The constitutionally of “fair share” provisions, requiring non-members covered by public-sector collective bargaining agreements to pay union fees, will be reviewed by the U.S. Supreme Court. Friedrichs v. California Teachers Association, No. 14-915.
In Friedrichs, ten California teachers and the Christian Educators Association International sued the California Teachers Association, the National Education Association, and others, for requiring public school teachers, as a condition of employment, either to join the union representing teachers in their district or pay the equivalent of dues to that union — a “fair share” fee — for union bargaining services.
In 1977, the Supreme Court held in Abood v. Detroit Board of Education that such fees are constitutional “insofar as the service charges are applied to collective-bargaining, contract administration, and grievance-adjustment purposes.” The plaintiffs in Friedrichs seek affirmative answers to two questions:
- Whether Abood v. Detroit Bd. of Ed., 431 U.S. 209 (1977), should be overruled and public-sector “agency shop” arrangements invalidated under the First Amendment.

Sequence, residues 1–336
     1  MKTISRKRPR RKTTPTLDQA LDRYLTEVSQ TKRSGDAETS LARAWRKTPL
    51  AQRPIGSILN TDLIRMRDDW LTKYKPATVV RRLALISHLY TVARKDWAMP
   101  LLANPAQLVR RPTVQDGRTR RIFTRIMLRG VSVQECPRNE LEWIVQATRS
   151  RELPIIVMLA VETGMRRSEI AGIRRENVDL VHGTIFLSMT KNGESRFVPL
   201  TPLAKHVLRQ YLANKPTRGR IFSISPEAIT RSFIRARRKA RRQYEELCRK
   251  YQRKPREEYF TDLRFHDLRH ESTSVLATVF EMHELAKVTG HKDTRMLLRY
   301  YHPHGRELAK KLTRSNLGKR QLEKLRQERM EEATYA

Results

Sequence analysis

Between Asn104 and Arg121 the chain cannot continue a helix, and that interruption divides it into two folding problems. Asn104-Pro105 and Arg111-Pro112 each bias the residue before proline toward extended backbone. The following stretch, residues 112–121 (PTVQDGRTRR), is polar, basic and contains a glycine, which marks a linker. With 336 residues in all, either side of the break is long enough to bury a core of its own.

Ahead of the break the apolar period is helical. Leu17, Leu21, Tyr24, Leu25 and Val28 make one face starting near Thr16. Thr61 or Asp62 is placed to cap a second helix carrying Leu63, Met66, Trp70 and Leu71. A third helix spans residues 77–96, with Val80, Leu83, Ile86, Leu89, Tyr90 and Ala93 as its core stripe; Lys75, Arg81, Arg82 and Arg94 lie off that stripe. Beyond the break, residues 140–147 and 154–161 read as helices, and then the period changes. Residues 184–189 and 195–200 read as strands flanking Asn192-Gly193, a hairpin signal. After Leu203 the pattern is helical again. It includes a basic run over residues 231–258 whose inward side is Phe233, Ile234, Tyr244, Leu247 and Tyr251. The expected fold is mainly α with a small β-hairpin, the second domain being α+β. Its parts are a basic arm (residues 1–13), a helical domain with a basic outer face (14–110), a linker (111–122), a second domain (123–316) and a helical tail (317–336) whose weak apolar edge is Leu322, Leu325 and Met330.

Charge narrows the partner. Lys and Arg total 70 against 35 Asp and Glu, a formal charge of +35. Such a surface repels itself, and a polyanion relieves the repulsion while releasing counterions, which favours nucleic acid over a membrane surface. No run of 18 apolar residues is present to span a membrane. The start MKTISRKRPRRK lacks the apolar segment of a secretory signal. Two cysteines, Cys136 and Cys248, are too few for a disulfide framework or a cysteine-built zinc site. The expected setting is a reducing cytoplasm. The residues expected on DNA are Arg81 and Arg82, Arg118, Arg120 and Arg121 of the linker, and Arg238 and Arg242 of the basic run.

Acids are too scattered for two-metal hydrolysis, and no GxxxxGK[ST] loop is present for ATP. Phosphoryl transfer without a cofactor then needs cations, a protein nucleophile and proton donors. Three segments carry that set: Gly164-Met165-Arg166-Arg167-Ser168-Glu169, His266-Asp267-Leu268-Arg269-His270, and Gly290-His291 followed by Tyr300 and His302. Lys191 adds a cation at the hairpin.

- Whether it violates the First Amendment to require that public employees affirmatively object to subsidizing nonchargeable speech by public-sector unions, rather than requiring that employees affirmatively consent to subsidizing such speech.
In its 2014 decision in Harris v. Quinn, the Court invalidated an Illinois statute requiring home-based personal care providers to support a union financially that has a collective bargaining relationship with the State where the care providers do not wish to join or support the union. The Court there said the “Abood Court’s analysis is questionable on several grounds.”
Unions did not welcome the Court’s decision to take up Friedrichs. In a joint statement subtitled, “Lawsuit Seeks to Curtail Freedom of Firefighters, Teachers, Nurses, First-Responders to Stick Together and Advocate for Better Public Services, Better Communities,” the leaders of the National Education Association, American Federation of Teachers, California Teachers Association, American Federation of State, County and Municipal Employees, and Service Employees International Union wrote:
“We are disappointed that at a time when big corporations and the wealthy few are rewriting the rules in their favor, knocking American families and our entire economy off-balance, the Supreme Court has chosen to take a case that threatens the fundamental promise of America—that if you work hard and play by the rules you should be able to provide for your family and live a decent life. . . .
“America can’t build a strong future if people can’t come together to improve their work and their families’ futures. Moms and dads across the country have been standing up in the thousands to call for higher wages and unions. We hope the Supreme Court heeds their voices.”